The attachment of the parish to the Vienna Cathedral Chapter of 1475 is rescinded. The town is granted the right to propose a Catholic priest for the office of parish priest and to appoint the schoolmaster.


Ca. 1580
First repression of protestants.


1588
A “Reformation Commission" demands that citizens return to Catholicism. Official residence is granted only to Catholics.


1597
Some vintners from Perchtoldsdorf take part in a vineyard workers’ rebellion which is violently suppressed.


1605
Rebellion of the Hungarian magnate Stefan Bocskay. Troops are stationed in Perchtoldsdorf.


1619
During a blockade of Vienna by troops of the Bohemian Protestant General Heinrich Matthias Gf. v. Thurn, contacts develop between Thurn’s soldiers and inhabitants of Perchtoldsdorf.


1623-1624
Expulsion of Protestant citizens reproached for having collaborated with Thurn’s troops.


1630
A devastating fire rages in Perchtoldsdorf.


1639
Another fire disaster in Perchtoldsdorf.


Ca. 1650
The town, having suffered greatly from billeting of troops, cannot pay its dues. Forced sales of municipal property.


1679
Severe plague outbreak in Vienna and Lower Austria, claiming many victims in the area surrounding Perchtoldsdorf and presumably in the town as well.


1682
In the course of an inspection of “places of refuge”, the church fortifications of Perchtoldsdorf are found to be in good condition.


Ca. 1683
On 16 July, “Turks and Tatars” who have invaded Lower Austria wreak carnage among the inhabitants who had believed they were able to defend themselves. The town is completely plundered, numerous inhabitants are dragged off into Turkish captivity, and many die during attempts to escape. Most of the town’s 260 buildings burn down in fires set by the enemy and looters.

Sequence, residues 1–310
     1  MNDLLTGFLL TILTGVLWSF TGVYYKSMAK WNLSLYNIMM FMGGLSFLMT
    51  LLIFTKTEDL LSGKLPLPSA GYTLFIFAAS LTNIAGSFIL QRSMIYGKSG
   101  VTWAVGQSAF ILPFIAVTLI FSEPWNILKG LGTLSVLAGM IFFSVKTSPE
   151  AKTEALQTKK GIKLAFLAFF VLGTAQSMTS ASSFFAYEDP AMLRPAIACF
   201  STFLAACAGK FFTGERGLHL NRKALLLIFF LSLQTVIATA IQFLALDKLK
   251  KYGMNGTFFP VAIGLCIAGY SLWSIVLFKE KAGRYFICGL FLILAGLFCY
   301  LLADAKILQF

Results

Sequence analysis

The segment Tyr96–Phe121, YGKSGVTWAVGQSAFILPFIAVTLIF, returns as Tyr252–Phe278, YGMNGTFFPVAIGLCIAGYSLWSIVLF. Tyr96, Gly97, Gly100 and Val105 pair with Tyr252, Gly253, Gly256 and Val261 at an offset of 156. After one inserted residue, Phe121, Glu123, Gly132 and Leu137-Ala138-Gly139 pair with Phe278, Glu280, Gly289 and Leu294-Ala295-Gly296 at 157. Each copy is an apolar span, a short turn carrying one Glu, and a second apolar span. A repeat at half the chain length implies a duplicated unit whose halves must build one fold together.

November 1683
Balthasar Kleinschroth, prefect of the boys’ choir of Stift Heiligenkreuz, visits Perchtoldsdorf and witnesses the unburied victims of the Turkish attack on the market square. Return to town of inhabitants who had fled.


1684
Reconstruction starts.


1686
The Türkenglocke (Turks’ Bell) is cast.


1691
The town council asks the ruler for a 20-year moratorium to be able to pay off the municipal debts.


1701
The roof of the Peel tower is rebuilt; the oriels are crowned with Baroque-style onion-shaped roofs.


1713
Plague outbreak in Austria. Perchtoldsdorf is largely spared; plague memorial column erected on market square.


1718
More and more pilgrims find their way to Leonhardikapelle. The chapel is enlarged.


1719
Start of Baroque popular drama performances in Perchtoldsdorf.


1744
Maria Theresia and Franz Stephan v. Lothringen attend a passion play performance in Perchtoldsdorf.


1745
The Vizedomamt is dissolved; in 1762 the estate falls to the Abbey of Montserrat.


1771
The passion plays are banned.
The parish is taken over by the Vienna archdiocese.


1783
Restrictions applied to processions and pilgrimages. Josephinian parish restructuring: Rodaun and Kaltenleutgeben are taken out of the Perchtoldsdorf parish.


1777
Establishment of manufacturing at Eisenböckhof: Lafontaine wax-cloth factory; Sire corduroy factory.


1784
Dissolution of fraternities; their assets are seized by the religious fund and the parish institution for the poor. The infirmary church is closed, the inventory sold, demolition started.


1785
The town council constitution is abolished; the judge and council are replaced by the "regulated municipal council".

 


1786
Market gates razed, with the exception of the Wiener Tor.


1787
A flax mill is established at Knappenhof.


1788
Construction of the school at Marktplatz 2 starts (completed in 1797).


1791
Demolition of the fortification walls around the church.


1793
Establishment of the Chazel cotton printing mill at Knappenhof.


1799
Ambros Rieder is appointed schoolmaster.


1800
Municipality purchases patrician houses and converts them into army barracks.


1809
Billeting of French troops.


1818
Razing of Wiener Tor.


1820